Taylorism and The History of Processes: 6 Key Thinkers You Should Know

taylorismIf you want to employ approaches like business process management in your business it’s best to have a solid understanding of how these theories work.

One crucial aspect of using these theories correctly is understanding their development.

It’s common for managers to want to employ cutting edge ideas in their business, but without a deep understanding these methods can be misapplied.

These errors will reduce the effectiveness of your process management and hold your business back.

It’s not just business where process improvement efforts are regularly being undermined! In a recent meta-study from the British Medical Journal, researchers found only 2 out of 73 studies had applied the PDSA process improvement methodology in a way which fully met criteria. Commenting:

To progress the development of the science of improvement, a greater understanding of the use of improvement methods, including PDSA, is essential to draw reliable conclusions about their effectiveness.

In this Process Street article, we’re going to look at some of the fundamentals and pick out key historical thinkers whose work we can trace from in order to better inform how process improvement methods should be done. Including:

  • Who is Frederick Winslow Taylor?
  • What is Taylorism?
  • What W. Edwards Deming can teach us about continuous improvement
  • Why Taiichi Ohno helps you cut waste in your business
  • What Ludwig von Bertalanffy tells us about systems
  • How Bill Smith changed the way we view defects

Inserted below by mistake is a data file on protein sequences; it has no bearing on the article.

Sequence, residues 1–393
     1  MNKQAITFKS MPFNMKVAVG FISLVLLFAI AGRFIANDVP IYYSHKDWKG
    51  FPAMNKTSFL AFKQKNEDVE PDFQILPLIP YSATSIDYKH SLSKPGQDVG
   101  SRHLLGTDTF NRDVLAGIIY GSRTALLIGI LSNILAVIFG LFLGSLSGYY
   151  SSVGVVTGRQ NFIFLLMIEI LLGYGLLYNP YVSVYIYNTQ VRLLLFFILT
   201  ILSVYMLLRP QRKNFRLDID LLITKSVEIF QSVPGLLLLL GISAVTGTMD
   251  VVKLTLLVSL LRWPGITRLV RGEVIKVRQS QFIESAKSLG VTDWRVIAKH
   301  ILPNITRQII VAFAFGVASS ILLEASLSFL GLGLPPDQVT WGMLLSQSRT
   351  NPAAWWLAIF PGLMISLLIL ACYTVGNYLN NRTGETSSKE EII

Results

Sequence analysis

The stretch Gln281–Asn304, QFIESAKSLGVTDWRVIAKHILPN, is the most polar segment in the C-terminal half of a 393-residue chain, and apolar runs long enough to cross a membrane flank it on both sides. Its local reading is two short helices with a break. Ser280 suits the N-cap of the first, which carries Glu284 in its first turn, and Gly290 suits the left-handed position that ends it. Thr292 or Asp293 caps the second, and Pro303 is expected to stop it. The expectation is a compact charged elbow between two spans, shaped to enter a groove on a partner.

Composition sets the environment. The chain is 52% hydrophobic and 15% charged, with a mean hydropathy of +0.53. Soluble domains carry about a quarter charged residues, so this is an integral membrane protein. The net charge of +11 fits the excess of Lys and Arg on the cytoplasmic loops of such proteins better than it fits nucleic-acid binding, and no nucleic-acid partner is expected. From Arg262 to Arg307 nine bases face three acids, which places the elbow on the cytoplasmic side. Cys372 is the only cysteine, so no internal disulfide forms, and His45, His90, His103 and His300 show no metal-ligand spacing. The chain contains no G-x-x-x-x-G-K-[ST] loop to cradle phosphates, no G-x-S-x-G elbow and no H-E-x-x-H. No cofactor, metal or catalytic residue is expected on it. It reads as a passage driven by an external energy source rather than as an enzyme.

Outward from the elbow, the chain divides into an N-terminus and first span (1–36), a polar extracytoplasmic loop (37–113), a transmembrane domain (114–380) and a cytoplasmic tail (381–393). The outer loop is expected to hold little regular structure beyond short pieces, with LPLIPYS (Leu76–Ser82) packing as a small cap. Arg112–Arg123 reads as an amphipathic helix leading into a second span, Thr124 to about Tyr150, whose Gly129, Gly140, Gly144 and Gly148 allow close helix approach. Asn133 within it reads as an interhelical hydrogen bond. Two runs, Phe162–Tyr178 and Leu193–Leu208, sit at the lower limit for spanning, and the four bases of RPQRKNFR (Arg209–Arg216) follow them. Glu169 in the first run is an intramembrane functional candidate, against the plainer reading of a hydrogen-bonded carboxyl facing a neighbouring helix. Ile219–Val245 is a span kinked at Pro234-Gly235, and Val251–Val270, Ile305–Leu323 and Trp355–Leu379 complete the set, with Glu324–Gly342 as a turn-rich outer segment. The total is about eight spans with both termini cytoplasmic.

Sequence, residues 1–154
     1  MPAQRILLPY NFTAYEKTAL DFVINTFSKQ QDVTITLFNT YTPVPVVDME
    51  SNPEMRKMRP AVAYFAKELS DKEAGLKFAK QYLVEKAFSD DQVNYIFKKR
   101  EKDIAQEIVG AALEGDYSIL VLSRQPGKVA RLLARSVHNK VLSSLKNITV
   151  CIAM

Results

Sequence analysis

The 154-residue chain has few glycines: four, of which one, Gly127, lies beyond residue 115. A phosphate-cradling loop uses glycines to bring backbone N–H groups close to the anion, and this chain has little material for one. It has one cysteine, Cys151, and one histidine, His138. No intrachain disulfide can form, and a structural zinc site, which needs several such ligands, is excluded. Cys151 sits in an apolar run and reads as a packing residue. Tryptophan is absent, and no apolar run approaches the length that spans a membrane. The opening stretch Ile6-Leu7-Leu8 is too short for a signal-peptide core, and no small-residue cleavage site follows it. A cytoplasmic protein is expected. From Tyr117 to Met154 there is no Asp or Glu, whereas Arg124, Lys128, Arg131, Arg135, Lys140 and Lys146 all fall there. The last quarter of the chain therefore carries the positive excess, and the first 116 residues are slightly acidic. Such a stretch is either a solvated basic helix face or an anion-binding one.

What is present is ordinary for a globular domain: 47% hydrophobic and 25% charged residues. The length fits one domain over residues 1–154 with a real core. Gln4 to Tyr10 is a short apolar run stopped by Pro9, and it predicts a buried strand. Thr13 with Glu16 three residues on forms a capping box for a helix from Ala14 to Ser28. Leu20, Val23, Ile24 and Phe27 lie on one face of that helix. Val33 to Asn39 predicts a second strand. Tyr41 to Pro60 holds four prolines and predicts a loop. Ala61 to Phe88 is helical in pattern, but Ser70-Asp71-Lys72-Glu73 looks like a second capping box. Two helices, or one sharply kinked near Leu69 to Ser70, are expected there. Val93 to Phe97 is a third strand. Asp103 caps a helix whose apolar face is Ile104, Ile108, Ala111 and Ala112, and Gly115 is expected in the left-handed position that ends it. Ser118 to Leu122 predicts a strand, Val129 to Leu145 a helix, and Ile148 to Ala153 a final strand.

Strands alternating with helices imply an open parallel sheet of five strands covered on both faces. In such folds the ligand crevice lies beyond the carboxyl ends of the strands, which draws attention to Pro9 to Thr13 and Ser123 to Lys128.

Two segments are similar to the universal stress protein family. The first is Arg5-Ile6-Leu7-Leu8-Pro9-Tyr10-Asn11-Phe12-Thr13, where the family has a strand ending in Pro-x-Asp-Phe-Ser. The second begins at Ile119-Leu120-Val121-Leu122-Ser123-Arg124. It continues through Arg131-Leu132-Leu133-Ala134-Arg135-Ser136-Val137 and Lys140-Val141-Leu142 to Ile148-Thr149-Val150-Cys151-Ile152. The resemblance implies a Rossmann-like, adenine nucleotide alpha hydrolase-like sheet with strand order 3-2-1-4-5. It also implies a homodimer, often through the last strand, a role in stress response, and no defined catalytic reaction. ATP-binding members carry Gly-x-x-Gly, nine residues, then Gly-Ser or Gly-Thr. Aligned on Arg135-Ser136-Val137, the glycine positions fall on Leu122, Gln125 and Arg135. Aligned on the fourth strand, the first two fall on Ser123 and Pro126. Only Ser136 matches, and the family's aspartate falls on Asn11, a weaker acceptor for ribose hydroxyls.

• What Ray Dalio can show us about company culture

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How Does a Hedge Fund Work? Inside the Processes at Bridgewater Associates

How Does a Hedge Fund Work_ Inside the Processes at Bridgewater Associates-04Processes can be used to optimize the things you do every day, and we spend most of our time telling you that!

But where do these processes come from? Really.

Maybe you just documented your steps one day and built from there? In which case, the process evolved naturally from the actions you took intuitively. When I add big words into that description I can make it sound like a good thing. But it could be put another way.

You never took the time to think about the foundations of your process.

At the very base of all processes are a series of said and unsaid principles. In good processes and bad processes. If we want the best processes we can make, we need to understand and critically evaluate the principles which knowingly or unknowingly guide our every decision.

Ray Dalio’s text, Principles, answers the question “how does a hedge fund work?” and gives us an insight into how he built the world’s largest one, Bridgewater Associates.

Bridgewater manages $160 billion worth of assets for 350 different clients. These clients range from large corporate bodies like McDonald’s to pension and wealth funds, and even to the assets of central banks. The whole company has been built around cultivating a radical company culture, and it is this radical company culture which makes Bridgewater Associates so successful and worth investigating!

In this Process Street article, we’re going to present to you a number of the ideas contained within the book and we’re going to pull out three specific company processes Dalio has developed on the back of these principles:

But be warned: it’s likely a radical break from your office!

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